In the declaration there were also counts for money due for work and materials furnished for defendants by plaintiff, and for money found to be due

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from defendants to plaintiff upon an account stated, with the ordinary conclusion as to the amount claimed.

To this declaration, and each count thereof, Mrs. Percival demurred, among other grounds, because she was, at the time of making the alleged contract, and still continued to be, a married woman, and in law incapable of making any valid executory contract enforceable by suit at law; and because the declaration showed that at the time the alleged contract was made she was a married woman, and the owner of the premises upon which a lien was sought to be created by virtue of said alleged contract.

Percival demurred, among other grounds, because, in respect to Mrs. Percival, the action was a proceeding in rem, in which no personal judgment might be rendered, and in respect to himself it was a proceeding for a personal judgment, and hence there was a misjoinder of defendants. Orders were made sustaining the demurrers as to the grounds stated.

The final judgment is as follows: "Come now the parties by their attorneys in this cause into open court, and the several demurrers of the defendants touching the liability of defendant Fannie B. Percival, who is a married woman, having been sustained by the court, and it appearing to the court therefrom that this court is without jurisdiction to entertain the plaintiff's claim against said Fannie B. Percival, and the demurrer of said defendant that there is a misjoinder of defendants having also been sustained by the court, the plaintiff declining to amend his declaration in this respect, it is therefore considered by the court that the cause of said plaintiff be dismissed out of said court, and the defendants go hence without day, and have and recover of plaintiff their costs."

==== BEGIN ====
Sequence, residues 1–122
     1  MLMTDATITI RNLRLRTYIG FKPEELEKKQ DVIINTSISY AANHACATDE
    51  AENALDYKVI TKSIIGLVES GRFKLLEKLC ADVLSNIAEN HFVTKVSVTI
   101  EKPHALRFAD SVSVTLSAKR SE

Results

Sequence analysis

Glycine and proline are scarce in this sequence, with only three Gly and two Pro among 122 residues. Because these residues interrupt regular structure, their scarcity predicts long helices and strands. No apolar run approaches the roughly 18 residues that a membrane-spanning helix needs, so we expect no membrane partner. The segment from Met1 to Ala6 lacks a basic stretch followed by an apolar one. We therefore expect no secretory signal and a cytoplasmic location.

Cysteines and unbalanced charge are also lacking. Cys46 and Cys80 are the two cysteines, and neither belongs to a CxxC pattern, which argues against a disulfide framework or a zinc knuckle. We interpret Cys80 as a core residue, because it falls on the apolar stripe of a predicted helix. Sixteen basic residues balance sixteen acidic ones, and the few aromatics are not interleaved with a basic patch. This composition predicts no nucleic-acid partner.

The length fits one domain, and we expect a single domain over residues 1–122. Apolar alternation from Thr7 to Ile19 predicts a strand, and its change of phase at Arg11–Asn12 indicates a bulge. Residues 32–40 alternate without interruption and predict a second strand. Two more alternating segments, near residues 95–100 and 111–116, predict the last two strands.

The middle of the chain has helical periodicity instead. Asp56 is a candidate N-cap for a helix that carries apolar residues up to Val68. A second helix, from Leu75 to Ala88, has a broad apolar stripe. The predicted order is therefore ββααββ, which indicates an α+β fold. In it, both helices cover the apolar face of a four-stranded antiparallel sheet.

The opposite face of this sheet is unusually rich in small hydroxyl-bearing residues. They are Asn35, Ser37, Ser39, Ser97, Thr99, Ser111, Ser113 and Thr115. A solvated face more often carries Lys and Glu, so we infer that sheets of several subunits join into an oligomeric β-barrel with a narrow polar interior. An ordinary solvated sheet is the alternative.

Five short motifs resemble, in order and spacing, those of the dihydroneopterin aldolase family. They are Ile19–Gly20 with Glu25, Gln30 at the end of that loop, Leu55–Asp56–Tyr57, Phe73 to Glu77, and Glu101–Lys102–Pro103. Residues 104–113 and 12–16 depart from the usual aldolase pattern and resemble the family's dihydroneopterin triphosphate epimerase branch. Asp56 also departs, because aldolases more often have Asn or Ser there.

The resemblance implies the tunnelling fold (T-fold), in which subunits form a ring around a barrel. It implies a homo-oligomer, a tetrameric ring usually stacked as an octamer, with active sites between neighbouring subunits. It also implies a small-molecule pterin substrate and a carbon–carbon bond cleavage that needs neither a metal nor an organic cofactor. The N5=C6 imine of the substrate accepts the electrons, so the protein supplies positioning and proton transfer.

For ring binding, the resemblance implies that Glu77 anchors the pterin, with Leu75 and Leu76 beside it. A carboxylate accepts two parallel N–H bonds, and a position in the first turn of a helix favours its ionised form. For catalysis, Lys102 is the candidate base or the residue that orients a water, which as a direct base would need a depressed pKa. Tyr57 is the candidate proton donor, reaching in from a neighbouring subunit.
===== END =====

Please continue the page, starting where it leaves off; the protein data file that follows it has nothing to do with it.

These proceedings at law are set up by Percival in a plea, and by Mrs. Percival in her answer, as a defense to this suit. They were adjudged to be insullicient as a defense by the circuit court.

It is clear that the purpose, meaning, and effect of the judgment of the circuit court in the action at law were to dismiss the action as to Mrs. Percival on the ground that the court, as a court of law, had no jurisdiction to entertain the suit against her, she being a married woman, and, as to Percival, to dismiss it because of an improper joinder of parties. There is as to neither defendant any judgment upon the merits of any claim set up in either count of the declaration.

It is true that in addition to adjudging that the “cause” of the plaintiff be "disruissed out” of the court for the reasons indicated by the judgment, the words "and the defendants go hence without day" are added; but to give to the latter words the purpose or effect of an adjudication upon the merits of the claim as to either Percival or his wife would be entirely antagonistic to the plain meaning of the judgment considered as a whole, which, as to Mrs. Percival, is that the court had no jurisdiction of the cause, and, as to her husband, that the claim was sued upon in a manner not entitling it to be considered upon its merits by the court, and that he had refused to amend his proceedings, and hence a dismissal of his case as to both defendants. Agnew v. McElroy, 10 Smedes & M. 552.